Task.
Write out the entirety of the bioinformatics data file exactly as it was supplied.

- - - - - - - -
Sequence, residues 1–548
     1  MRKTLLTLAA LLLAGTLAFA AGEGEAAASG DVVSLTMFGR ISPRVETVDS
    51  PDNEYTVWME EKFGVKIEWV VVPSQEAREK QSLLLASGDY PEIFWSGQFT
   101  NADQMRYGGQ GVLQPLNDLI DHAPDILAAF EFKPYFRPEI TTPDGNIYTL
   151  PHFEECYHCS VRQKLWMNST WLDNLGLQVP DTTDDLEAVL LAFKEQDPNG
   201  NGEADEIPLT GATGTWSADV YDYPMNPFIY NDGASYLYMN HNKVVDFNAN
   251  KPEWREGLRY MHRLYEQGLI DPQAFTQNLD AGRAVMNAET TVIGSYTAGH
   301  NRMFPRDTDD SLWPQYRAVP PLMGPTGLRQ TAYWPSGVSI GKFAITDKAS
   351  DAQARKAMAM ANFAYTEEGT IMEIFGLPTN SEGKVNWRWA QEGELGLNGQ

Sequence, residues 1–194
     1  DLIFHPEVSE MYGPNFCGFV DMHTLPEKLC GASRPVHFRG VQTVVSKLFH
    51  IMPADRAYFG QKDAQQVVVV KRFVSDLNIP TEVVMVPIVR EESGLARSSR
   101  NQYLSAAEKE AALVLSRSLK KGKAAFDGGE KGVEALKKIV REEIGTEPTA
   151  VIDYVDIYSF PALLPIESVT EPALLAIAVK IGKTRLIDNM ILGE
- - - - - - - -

Sequence, residues 1–548
     1  MRKTLLTLAA LLLAGTLAFA AGEGEAAASG DVVSLTMFGR ISPRVETVDS
    51  PDNEYTVWME EKFGVKIEWV VVPSQEAREK QSLLLASGDY PEIFWSGQFT
   101  NADQMRYGGQ GVLQPLNDLI DHAPDILAAF EFKPYFRPEI TTPDGNIYTL
   151  PHFEECYHCS VRQKLWMNST WLDNLGLQVP DTTDDLEAVL LAFKEQDPNG
   201  NGEADEIPLT GATGTWSADV YDYPMNPFIY NDGASYLYMN HNKVVDFNAN
   251  KPEWREGLRY MHRLYEQGLI DPQAFTQNLD AGRAVMNAET TVIGSYTAGH
   301  NRMFPRDTDD SLWPQYRAVP PLMGPTGLRQ TAYWPSGVSI GKFAITDKAS
   351  DAQARKAMAM ANFAYTEEGT IMEIFGLPTN SEGKVNWRWA QEGELGLNGQ

Sequence, residues 1–194
     1  DLIFHPEVSE MYGPNFCGFV DMHTLPEKLC GASRPVHFRG VQTVVSKLFH
    51  IMPADRAYFG QKDAQQVVVV KRFVSDLNIP TEVVMVPIVR EESGLARSSR
   101  NQYLSAAEKE AALVLSRSLK KGKAAFDGGE KGVEALKKIV REEIGTEPTA
   151  VIDYVDIYSF PALLPIESVT EPALLAIAVK IGKTRLIDNM ILGE